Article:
ref: 5.1).

ref.:5.2
shows the result after the bevel. Now we have to shape the head a
little. Use the Drag Tool or any of the other tools you already learned
to use until now to adjust the points so they look like in ref: 5.3.

I
only moved the points around, nothing else. It takes some experience to
find the right place for them. It took me about 5 minutes for the head.
To keep things easy I didn´t make any details like eyes, nostrils or
mouth. This tutorial should not end up as a book. But with the tools
you learned you can add detail easily.

You
only need the Bevel-Tool, the Drag-Tool and the Smoothshift-Tool. All
these we already learned to use. Now we have to delete the polys that
are not needed anymore from the neck. You should delete the polygons
which show to the mirror axis.

After
this is done you should hit the "m" on you keyboard. All points that
are nearer than 1mm (you can adjust this) are merged. I think I
mentioned that before *scratching head*

Now hit the "W" key for the Polygon/Point Info. Select the 0 Polygons and delete them too.



ref.:5.4

Now that we refined the Dino a little more, we should hit the TAB key. Ref.:5.4 shows us how it suppose to look like.




ref.:5.5

Now
we are going to add some more detail so the model looks a bit more
apparent. The Brachiosaurus has ribs that everyone can see. There are
also folds around his neck. We are going to make them with the
Knife-Tool. Just click the Knife-Tool or press
shift+k. In the side view just "cut" like slicing bread tow or three
times across the body from the top to bottom. I mean a little away from
the shoulder down to the feet. The body gets more detail an we can
select some new points and move them towards the Z-axis in or out. That
way we get the ribs we want.(ref.: 5.5)

HINT: Those
who are more experienced can make this detail with the BandSaw-Tool. I
am not talking about this tool too much so nobody gets too confused.

Now
everyone can do as he/she likes. The same can be said about the legs
and the muscles that can be more detailed if wished. The Picture at the
end of the tutorial shows you how more detail makes the model look more
apparent. But remember what looks good to me is not always what looks
good for someone else.

6. The End: Mirror, mirror on the wall...


6.1.
We just have to mirror the dino and put some textures on it.. For
mirroring just press the strg+v key and mirror the Brachiosaurus along
the y-axis to its full size.

Here you have to take care that the points on the y-axis have all the same x-value. Read to learn how to do this:




  • mark
    the points which are close to the y-axis, but make sure there are no
    other points selected and press strg+v. Now in the opened requester you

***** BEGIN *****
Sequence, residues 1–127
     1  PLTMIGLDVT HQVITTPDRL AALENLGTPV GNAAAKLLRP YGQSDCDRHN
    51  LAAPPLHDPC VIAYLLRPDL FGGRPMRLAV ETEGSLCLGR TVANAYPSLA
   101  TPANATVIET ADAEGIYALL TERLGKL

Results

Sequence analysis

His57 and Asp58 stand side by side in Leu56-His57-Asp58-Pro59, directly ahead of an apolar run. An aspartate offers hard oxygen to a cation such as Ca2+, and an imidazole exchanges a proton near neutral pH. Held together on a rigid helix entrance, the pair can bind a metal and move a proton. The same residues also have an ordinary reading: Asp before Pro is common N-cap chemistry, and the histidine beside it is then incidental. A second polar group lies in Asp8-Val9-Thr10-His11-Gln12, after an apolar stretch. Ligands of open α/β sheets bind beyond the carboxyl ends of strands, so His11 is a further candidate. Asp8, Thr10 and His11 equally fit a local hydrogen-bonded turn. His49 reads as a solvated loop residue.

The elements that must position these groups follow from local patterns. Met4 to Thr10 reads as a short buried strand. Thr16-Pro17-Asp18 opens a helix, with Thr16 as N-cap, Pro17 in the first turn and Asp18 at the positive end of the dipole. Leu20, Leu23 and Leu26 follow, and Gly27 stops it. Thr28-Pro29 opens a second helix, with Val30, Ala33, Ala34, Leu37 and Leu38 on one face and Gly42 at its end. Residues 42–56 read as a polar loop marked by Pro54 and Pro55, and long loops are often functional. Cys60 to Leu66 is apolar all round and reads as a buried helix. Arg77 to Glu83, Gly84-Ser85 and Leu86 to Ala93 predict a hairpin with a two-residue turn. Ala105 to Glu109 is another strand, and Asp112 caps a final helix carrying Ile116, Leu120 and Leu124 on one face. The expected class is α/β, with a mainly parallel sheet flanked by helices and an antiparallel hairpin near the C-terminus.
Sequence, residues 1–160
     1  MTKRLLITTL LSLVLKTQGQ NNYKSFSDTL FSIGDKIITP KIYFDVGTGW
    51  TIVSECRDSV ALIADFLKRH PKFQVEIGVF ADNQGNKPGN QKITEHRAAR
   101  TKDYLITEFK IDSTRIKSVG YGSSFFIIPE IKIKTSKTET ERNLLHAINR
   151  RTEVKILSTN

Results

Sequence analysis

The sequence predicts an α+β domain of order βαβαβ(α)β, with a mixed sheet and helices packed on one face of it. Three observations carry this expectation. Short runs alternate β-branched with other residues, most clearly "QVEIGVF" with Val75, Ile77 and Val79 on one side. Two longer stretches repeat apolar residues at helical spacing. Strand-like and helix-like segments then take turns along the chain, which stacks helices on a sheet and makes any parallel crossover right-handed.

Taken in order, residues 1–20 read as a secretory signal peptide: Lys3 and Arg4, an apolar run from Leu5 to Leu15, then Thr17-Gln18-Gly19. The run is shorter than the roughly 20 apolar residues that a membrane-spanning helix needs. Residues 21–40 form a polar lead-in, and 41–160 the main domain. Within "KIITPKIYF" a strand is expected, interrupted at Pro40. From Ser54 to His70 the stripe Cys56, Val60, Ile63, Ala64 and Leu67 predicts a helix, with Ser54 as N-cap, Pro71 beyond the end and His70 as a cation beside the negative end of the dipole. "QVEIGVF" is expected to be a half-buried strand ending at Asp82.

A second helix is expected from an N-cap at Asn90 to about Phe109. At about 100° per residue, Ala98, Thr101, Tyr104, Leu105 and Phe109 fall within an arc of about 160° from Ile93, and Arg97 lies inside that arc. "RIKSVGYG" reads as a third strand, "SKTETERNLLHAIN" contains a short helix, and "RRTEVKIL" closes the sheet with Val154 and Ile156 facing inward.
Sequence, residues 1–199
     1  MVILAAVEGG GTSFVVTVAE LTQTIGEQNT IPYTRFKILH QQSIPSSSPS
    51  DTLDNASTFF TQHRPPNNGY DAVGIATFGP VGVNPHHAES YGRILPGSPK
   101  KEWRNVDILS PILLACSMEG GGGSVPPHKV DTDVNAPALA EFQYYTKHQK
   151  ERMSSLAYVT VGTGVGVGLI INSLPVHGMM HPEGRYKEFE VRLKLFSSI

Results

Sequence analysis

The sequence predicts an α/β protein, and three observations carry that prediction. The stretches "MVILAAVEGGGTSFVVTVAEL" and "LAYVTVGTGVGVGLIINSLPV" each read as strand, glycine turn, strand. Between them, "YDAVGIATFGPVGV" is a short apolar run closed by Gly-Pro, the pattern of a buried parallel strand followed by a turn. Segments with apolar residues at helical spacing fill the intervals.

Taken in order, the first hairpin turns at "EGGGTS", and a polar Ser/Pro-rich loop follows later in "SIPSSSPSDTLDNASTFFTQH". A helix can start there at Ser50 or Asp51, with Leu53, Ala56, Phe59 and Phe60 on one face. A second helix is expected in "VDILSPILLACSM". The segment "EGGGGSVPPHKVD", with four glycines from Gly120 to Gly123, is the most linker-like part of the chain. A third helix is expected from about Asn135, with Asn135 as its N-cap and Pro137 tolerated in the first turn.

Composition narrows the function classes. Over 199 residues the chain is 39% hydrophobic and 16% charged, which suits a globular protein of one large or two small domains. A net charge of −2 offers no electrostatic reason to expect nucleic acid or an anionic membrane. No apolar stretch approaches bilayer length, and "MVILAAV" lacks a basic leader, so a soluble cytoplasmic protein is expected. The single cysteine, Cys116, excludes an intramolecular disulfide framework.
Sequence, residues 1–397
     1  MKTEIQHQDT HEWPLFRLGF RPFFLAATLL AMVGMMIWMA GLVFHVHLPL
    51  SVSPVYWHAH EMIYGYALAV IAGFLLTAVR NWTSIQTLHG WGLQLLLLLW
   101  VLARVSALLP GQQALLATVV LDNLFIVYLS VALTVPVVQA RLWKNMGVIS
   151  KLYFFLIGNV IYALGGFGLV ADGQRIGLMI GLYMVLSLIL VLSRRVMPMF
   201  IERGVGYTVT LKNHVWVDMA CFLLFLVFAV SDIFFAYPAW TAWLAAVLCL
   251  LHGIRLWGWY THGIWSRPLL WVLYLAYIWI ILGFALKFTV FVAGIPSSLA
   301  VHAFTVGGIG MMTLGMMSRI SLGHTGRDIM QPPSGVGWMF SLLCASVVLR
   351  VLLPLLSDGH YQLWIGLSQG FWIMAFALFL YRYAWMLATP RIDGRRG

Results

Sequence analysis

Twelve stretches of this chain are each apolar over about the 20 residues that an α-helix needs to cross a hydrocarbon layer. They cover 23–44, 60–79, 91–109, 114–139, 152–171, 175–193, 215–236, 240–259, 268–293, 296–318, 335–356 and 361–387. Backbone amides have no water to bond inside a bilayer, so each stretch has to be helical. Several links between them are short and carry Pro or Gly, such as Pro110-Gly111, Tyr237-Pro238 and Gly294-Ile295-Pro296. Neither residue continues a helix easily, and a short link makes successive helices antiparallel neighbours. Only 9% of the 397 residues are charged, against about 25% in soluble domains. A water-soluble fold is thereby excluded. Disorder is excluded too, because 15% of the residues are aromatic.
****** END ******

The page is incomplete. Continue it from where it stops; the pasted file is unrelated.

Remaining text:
click on X and put in the value 0(zero). You just assigned the X-axis
    value of 0(zero) to each selected point. After that hit the OK button
    and u can start to mirror.


Press Shift+v and N-Taste. Set all values to zero and chose the X-axis.

Almost
done is the Brachiosaurus. You can see that the throat is a bit flat
and the tail is pretty big. But hey, we got the tools and we got the
power to change that Smile Just use the stretch tool as i described it
before and bring it into the right shape.

Press
the Q-key to assign a texture to the dino and fill in the name. Be
careful that NO other polygons are selected, elsewhise they will be
assigned to the texture instead. For changing the texture and adding
details u need to open the Surface Editor(strg-F3). Here u can setup
everything a surface needs. Let's get the party started...

TIP: While stretching, be sure that the crosshair of the mouse is on the z-axis for granted symmetrical stretching.
7. Let's get it dressed


Since
i got a lot of requests for some texturing, I thought I could add some
texturing. Who doesn't know the problem that you have modeled a damn
good looking model in modeler and then the big bang: the wrong texture
screws up the entire model. That happened not only once to me. The
choice of the right texture is almost as important as a good model. NOw
i had to think of the best mixture how to texturize the model so you
wont get bored and further you won't come to resignation. That's why i
was focusing on LightWave®️'s® intern textures, where u can archieve impressive good results. But enough of small talk, let's hit the road and open the Surface Editor(strg-F3).

Well,
here are countless possibilities of setups and i will just explain
those which i was using for the other please refer to your manual. I
for myself found it always interesting to read tutorials where the
result looked approximately like the reference but Ii never understood WHY I had to do this or that so it looked like the reference. Well I try to do it better here.

ref.:7.1 shows the Surface Editor(will be further called as SE) and we will look at the first setup:



ref.: 7.1


  • Color: here i have chosen a bright grey. The marked T shows that here is enabled a texture. But i will talk about that later...
  • Diffuse: is the ability to diffuse light (or to absorb), where 0= no diffusion (complete absorption) and 100% complete diffusion (no absorption)